Hi All, the Weather Bureau announced a strong wind warning late on Friday the 3rd for south east coastal Queensland waters. Based on our local knowledge and what we believed would happen during the next day, the skipper and myself decided to go ahead with the trip out of Southport. We hadn’t been out since April, so stuff it!
Vessel: 37ft monohull M.V. Grinner
Skipper: Craig (Grinner) Newton
Pax: Paul Walbridge (organiser & leader), Dave Stewart, Rebecca Ryan, Peter Ryan, Owen Prouse, Brian Willey, Heyn De Kocq, Rod Gardner, Rob Morris, Alex Ferguson, Andy Jensen, Greg Anderson, Inger Van Dyke, Richard Baxter.
A cold front was approaching south east Queensland which was supposed to bring with it gusting 25-30 knot W-SW winds but on leaving the Seaway, winds initially from the NW at 10-15 knots, rising to 20 knots on occasion in open waters, turning more westerly. A virtual cloudless day with excellent visibility, maximum air temp. 20°C, barometer 1016 hPa.
On leaving the Seaway, fairly flat seas on .5 metre swell, which gradually built up on approaching more open waters and by the widest point had reached 1.5 metre seas on up to 2 metre + swell. Current at widest point just 1.5 knots N-S. Sea surface temps. 18.7°C inshore, to 21.0°C at the Shelfbreak and 22.5°C at the widest point, in Slope waters.
Left the Seaway at 0710 hrs and travelled out towards the Shelfbreak, stopping on just a couple of occasions, reached the Shelfbreak at 0950 hrs and the final drift point at approx. 1045 hrs about 52 kilometres ENE of the Southport Seaway. Drifted ESE at 1.5 knots until 1325 hrs when headed for home. Arrived back at the Seaway at 1700 hrs, total duration of trip 9hrs 50 mins.
On leaving the Seaway, no trawler or charter boat activity, just a few small boats so very little bird activity save for a few Australasian Gannets, Crested Terns and Silver Gulls. Two separate pods of Humpback Whales were sighted a few kilometres offshore, one whale in particular putting on quite a display and photos taken. Nothing much else traversing the Shelf, just some Hutton Shearwaters and one Fluttering Shearwater plus a couple of Gannets.
Just after crossing the Shelf break things started to appear including the first Providence Petrels, the first Yellow-nosed Albatross of the day and a pod of approx. 100 Melon-headed Whales, always a welcome winter sighting up here. After pulling alongside the Melon-heads for photos for a few minutes we headed for our drift point at the ‘Rivieras’, a system of ridges and canyons, well known to fishermen. Providence Petrels began to appear immediately along with the first Black-bellied Storm Petrel & the first juv. Northern Giant Petrel cruised in, laying claim to the berley bag floating astern.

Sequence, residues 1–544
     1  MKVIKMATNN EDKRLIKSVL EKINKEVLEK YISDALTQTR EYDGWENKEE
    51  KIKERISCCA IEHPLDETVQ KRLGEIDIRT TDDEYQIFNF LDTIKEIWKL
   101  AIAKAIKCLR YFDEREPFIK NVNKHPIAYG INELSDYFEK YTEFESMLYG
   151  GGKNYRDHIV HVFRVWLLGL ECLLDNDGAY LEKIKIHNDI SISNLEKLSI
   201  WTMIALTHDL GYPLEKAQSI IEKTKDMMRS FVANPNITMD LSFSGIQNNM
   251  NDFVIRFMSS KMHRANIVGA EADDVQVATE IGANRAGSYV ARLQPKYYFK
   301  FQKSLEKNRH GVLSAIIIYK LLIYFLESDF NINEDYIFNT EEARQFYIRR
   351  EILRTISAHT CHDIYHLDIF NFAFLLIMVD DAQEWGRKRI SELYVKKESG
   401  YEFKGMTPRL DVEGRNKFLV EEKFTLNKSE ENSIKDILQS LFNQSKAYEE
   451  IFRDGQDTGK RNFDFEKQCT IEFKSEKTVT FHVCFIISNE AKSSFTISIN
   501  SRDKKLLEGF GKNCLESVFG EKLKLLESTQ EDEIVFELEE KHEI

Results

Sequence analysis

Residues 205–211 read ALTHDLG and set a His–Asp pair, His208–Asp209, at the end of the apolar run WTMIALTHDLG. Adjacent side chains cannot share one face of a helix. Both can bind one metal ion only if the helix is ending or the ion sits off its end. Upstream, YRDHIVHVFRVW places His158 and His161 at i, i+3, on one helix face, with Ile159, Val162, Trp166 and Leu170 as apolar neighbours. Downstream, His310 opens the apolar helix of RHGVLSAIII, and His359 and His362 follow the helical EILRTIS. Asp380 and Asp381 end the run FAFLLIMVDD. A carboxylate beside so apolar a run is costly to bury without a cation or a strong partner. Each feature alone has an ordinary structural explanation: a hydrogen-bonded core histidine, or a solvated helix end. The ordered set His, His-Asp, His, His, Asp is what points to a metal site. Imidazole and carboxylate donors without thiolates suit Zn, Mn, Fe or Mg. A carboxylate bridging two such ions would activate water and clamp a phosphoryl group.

At this point I witnessed one of the most beautiful sights I have ever seen in the ocean, I thought Mahi Mahi were stunning looking fish but this monster left them for dead!! Just astern of the vessel and just under the surface a 2.5 metre apparition appeared, pale shiny variegated green with amazing vertical bands of fluorescent purple. It was a massive Striped Marlin, unreal! I didn’t have my polarising filter on, so the photo opportunity was lost.
Numbers of Providence Petrels were noted coming in plus more Black-bellied Storm Petrels and Wilson’s Storm Petrels plus the lone Cape Petrel for the day. Then the real surprise packet for the day arrived in the shape of Southports’ first ever July Tahiti Petrel, it seemed surreal watching this predominately summer bird cruising past a Northern Giant Petrel and Yellow-nosed Albatross. Tahiti Petrels have now been recorded in all 12 months of the year off Southport. Just as we turned around for home, heading back up the slick, 3 Yellow-nosed Albatrosses appeared along with a slightly mottled, older, Northern Giant Petrel.
Cruising back toward the Shelf, another juvenile Northern Giant Petrel approached the vessel from astern and sometime later when well back into Shelf waters two more Yellow-nosed Albatrosses appeared along with a juv. Black-browed Albatross. Approaching the Seaway, just a few more Gannets were added to the score on what was for most, a great day birding out in the southern Coral Sea in winter.
Wilson’s Storm Petrel – 5 (2)
Black-bellied Storm Petrel – 4 (2)
Black-browed Albatross – 1
Yellow-nosed Albatross – 7 (3)
Northern Giant Petrel – 3 (1)
Cape Petrel – 1
Fluttering Shearwater – 2 (1)
Hutton’s Shearwater – 5 (2)
Tahiti Petrel – 1
Providence Petrel – 96 (30)
Australasian Gannet – 23 (4)
Pied Cormorant – 1
Crested Tern – 5 (3)
Silver Gull – 7 (4)
Humpback Whale – 4
Melon-headed Whale – 100+
Other Marine Life:
Striped Marlin – 1